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Answering reader questions about the hot and cold nature of slots

By John Grochowski

Sometimes slot players write to ask how games work. Sometimes they write just to tell their stories. And sometimes they write to tell stories of slot-playing experiences that sparked their questions. Let’s look at some of the recent questions that have arrived via email so we can enjoy the stories and try to answer the questions.

BARRY: My wife and I were playing penny slots together, and she was playing Goldfish. It’s a game she’s liked for a long time, and she usually gets a bonus often.

This day, not so much. She was going dozens of spins at a time with no bonus, and that game is no fun without bonuses. The lady next to her was getting bonuses all the time.

After a while the other lady left and my wife moved onto the machine that was getting all the bonuses. Naturally, they mostly stopped. She got a few, and that was more than she was getting on her other machine, but not as many as the other lady.

My question is, did the other lady use up all the bonuses for a while? Did the machine have to recharge?

Answer: There is no recharge time or built-in makeup time on slot machines. Results are random and the odds are the same on every spin.

It’s only natural your wife wanted to move to machine that had been hot, but both the cold streak your wife experienced and the hot streak the other player had are part of normal probability. Whether you’ve gone 100 spins in a row without a bonus event or just had one on the last spin or had five bonuses in the last 10 plays, the odds are the same on the next spin.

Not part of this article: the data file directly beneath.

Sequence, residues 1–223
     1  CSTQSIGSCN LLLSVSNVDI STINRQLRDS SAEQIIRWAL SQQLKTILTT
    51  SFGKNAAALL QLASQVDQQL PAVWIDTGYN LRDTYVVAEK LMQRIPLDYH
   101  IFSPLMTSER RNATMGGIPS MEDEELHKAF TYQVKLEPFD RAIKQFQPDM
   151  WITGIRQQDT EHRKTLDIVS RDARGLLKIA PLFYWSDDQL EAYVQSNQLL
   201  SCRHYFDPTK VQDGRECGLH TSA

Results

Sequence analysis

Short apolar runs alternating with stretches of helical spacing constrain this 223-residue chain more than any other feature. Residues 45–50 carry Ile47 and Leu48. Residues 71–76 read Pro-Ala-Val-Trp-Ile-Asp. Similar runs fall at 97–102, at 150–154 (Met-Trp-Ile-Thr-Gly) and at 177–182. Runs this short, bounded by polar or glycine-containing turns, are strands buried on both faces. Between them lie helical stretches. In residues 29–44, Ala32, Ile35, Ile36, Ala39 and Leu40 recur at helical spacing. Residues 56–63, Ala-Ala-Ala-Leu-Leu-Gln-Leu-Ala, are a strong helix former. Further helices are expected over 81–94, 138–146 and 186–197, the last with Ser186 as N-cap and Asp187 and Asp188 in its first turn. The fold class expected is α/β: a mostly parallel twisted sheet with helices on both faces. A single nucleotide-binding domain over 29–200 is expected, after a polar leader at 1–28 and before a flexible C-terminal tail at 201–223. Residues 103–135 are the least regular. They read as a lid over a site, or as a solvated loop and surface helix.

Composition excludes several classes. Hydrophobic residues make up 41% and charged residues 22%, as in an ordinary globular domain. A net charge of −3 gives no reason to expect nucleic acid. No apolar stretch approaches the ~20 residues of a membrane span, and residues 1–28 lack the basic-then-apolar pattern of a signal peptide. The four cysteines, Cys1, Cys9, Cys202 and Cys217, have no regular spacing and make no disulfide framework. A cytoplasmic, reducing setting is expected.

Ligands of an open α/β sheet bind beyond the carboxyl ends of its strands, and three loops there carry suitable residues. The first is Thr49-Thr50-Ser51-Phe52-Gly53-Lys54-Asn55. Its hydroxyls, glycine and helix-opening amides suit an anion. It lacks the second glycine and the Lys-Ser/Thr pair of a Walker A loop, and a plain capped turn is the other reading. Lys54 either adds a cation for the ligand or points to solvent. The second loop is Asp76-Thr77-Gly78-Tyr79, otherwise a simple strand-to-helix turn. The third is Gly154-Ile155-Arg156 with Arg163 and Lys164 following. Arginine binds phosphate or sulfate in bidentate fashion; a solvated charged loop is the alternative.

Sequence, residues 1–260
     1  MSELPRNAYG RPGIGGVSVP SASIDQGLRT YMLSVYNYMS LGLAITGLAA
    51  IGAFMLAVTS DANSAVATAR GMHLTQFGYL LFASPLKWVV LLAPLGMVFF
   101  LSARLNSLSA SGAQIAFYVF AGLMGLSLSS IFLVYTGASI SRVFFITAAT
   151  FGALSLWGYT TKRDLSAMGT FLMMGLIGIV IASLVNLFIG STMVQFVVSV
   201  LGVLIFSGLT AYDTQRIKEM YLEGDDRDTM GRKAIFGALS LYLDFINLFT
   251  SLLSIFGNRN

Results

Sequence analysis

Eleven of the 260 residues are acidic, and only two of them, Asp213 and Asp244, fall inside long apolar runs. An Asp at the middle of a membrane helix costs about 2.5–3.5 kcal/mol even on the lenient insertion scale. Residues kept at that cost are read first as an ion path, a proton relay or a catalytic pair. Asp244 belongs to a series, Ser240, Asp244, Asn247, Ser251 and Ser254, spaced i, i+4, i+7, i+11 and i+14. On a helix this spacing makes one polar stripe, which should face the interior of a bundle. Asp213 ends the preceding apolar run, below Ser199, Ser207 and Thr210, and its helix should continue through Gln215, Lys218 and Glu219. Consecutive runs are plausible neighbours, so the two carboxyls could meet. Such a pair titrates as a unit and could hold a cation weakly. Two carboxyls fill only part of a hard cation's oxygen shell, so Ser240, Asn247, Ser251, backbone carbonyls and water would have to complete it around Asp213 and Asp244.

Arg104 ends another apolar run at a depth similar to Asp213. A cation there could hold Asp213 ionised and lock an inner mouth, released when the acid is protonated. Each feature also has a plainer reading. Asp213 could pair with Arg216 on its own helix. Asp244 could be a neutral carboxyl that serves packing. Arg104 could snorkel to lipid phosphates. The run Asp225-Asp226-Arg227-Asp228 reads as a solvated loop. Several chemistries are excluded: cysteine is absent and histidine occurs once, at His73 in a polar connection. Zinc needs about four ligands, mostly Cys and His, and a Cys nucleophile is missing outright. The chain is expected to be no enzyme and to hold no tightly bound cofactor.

JASON: I laugh about all the penny slots that are in the casinos nowadays. Years ago, before there were any video slots, I used to play penny three-reel slots in an area called the Copper Mine at the back of one of the old joints. I think it was the El Cortez. I remember taking 15 pennies to the change booth and the guy giving me a sneer as he handed over a nickel and a dime, but it was time to go and I didn’t want to be carrying pennies.

Anyway, my question isn’t about pennies, it’s about nickels. Big difference! In that same era, I was passing time on a nickel three-reel slot. My wife and I usually played quarters but I had time to kill while she was shopping and didn’t want to spend big, so I dropped to the cheap seats.

My machine was paying off pretty good. Nothing big, but 20 nickels here and 10 nickels there pretty often. Every win dropped coins in a metal tray back then, and the lady next to me was noticing and obviously jealous. She wasn’t winning so much, and she was taking it much more seriously than I was.

My wife found me, and we moved on to do something else. The other lady immediately moved to take my machine.

I guess I’ve been holding this question for decades, but was her moving to my machine the right thing? We didn’t wait to see if she had any luck.

Answer: The answer is the same as to Barry’s question, really, just on wins and losses on the main game instead of on bonus events. Moving to the machine that had been paying off was a natural reaction. Whether it did any good is problematic.